What can teachers do to help pupils with dyslexia?

With Scotland’s Dyslexia Awareness Week fast approaching, the charity Dyslexia Scotland offers some tips for teachers

Dyslexia Scotland offers advice on how teachers can support pupils with dyslexia

Dyslexia Scotland’s helpline doesn’t just receive enquiries from adults and parents of children with dyslexia, but also from teachers who want to know how best they can support pupils in an already busy and demanding workplace.

As Dyslexia Awareness Week in Scotland approaches, here are our top tips for teachers:


How to support pupils with dyslexia

  • Communication is key – one of the things we hear most often from parents is that they are unhappy about the lack of support that is offered in school. We believe that this is sometimes due to how this is communicated by the school. Watch this short film about the importance of communication between parents and schools.
  • What helps pupils with dyslexia helps everyone – time and time again we hear that a dyslexia-friendly classroom benefits all pupils, not just those with dyslexia.
  • Encourage the positives – remember that pupils with dyslexia often have great skills such as creativity and a keen problem-solving ability. Try to help pupils to use these to their advantage. Show clips and stories from our website for 8- to 18-year-olds, Dyslexia Unwrapped.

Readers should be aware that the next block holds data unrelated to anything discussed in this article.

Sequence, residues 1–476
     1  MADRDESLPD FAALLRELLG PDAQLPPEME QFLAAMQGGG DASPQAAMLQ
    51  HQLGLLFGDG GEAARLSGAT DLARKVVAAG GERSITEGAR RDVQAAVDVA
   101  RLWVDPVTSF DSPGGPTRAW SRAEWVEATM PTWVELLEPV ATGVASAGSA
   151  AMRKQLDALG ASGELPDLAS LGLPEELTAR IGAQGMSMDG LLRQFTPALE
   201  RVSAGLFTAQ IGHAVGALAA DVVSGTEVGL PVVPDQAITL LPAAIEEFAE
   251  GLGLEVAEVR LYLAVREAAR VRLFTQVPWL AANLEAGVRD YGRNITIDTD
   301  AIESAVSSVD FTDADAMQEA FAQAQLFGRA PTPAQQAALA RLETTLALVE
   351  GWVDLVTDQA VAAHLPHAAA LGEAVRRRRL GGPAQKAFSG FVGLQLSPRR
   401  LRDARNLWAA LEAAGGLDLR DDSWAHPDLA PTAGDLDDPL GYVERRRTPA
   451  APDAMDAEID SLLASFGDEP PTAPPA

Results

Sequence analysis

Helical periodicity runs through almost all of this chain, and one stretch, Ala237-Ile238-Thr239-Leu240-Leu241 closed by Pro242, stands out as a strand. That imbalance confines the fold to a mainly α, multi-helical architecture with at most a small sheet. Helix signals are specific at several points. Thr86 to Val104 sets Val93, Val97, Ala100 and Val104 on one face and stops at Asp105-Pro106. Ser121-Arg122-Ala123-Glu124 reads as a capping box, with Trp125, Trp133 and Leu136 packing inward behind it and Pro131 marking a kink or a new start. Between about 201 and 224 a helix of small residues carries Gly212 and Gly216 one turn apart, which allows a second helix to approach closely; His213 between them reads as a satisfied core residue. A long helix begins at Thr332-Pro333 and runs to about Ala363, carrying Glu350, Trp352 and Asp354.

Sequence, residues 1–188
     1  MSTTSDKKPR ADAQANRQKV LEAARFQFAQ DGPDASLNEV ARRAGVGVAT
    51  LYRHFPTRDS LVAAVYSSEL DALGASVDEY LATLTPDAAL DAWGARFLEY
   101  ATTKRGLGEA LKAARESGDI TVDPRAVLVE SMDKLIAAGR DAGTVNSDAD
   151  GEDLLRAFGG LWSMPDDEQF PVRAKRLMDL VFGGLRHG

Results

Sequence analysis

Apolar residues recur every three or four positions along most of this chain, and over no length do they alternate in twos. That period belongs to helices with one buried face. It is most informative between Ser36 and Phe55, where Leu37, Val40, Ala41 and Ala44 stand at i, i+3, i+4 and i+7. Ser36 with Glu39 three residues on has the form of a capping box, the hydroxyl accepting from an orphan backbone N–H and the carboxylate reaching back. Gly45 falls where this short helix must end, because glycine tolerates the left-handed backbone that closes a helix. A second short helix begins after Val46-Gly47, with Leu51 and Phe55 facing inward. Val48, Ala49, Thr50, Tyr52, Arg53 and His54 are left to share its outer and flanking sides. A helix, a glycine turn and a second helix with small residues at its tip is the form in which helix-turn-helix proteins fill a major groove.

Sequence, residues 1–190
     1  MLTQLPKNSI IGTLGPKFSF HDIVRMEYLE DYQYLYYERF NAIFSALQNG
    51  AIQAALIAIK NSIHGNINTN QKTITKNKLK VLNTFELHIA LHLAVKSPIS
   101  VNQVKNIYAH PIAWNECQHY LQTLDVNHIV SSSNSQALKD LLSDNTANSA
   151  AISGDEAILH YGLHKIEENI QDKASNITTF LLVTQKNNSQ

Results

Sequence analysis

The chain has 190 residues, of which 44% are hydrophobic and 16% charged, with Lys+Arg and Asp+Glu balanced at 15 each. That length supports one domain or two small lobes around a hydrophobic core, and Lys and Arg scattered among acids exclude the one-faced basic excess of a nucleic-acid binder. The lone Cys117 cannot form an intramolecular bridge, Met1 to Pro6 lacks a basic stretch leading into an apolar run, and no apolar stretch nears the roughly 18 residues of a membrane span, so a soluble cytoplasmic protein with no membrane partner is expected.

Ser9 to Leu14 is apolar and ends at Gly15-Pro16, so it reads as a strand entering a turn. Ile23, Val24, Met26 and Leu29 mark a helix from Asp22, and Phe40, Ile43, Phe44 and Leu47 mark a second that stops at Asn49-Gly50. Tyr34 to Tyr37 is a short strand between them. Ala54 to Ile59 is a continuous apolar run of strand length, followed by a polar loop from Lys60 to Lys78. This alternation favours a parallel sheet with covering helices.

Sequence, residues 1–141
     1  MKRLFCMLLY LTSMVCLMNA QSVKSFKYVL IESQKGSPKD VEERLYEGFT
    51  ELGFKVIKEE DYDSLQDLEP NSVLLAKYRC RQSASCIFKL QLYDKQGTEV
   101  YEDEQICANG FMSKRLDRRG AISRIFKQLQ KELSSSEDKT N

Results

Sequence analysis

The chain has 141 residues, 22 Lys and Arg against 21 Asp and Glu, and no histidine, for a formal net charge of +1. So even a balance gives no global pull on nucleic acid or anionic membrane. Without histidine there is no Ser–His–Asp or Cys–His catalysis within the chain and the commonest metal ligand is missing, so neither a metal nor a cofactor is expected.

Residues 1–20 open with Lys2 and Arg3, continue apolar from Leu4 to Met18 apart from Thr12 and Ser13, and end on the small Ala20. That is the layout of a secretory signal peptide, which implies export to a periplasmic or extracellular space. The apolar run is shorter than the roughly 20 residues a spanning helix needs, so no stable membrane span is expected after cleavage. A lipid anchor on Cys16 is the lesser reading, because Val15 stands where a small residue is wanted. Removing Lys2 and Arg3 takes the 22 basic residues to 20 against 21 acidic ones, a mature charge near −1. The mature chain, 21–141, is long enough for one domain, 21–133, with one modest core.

• Keep it simple – often small changes are all that are needed. Coloured paper or overlays; quiet, distraction-free areas; and not asking pupils to copy from the board or read aloud are just some examples. Have a look at our leaflet Information for Teachers for lots more practical ideas. See all our leaflets, including information on study skills, here.
  • Dyslexia Scotland has produced a list of top 10 resources for teachers, which you can see here.
  • Use the Addressing Dyslexia Toolkit – this free online resource has been designed to help teachers and is supported by Education Scotland. The toolkit has three free Open University dyslexia and inclusive practice modules, which teachers can complete at their own pace.
  • It is not just the job of support-for-learning staff – all teachers should have at least a basic knowledge of dyslexia and all teachers should know if a child in their class is dyslexic. The modules mentioned earlier can help with this.
  • Scotland’s Dyslexia Awareness Week (5-10 November) gives every person who has dyslexia and those who work with them the chance to learn more about how it affects them in sometimes surprising ways. This year’s theme is "Dyslexia: My Wider World". Use the resources on the Dyslexia Awareness Week page of our website to promote awareness and understanding of dyslexia among pupils and staff in your school. 

Lena Gillies is national development officer for Dyslexia Scotland

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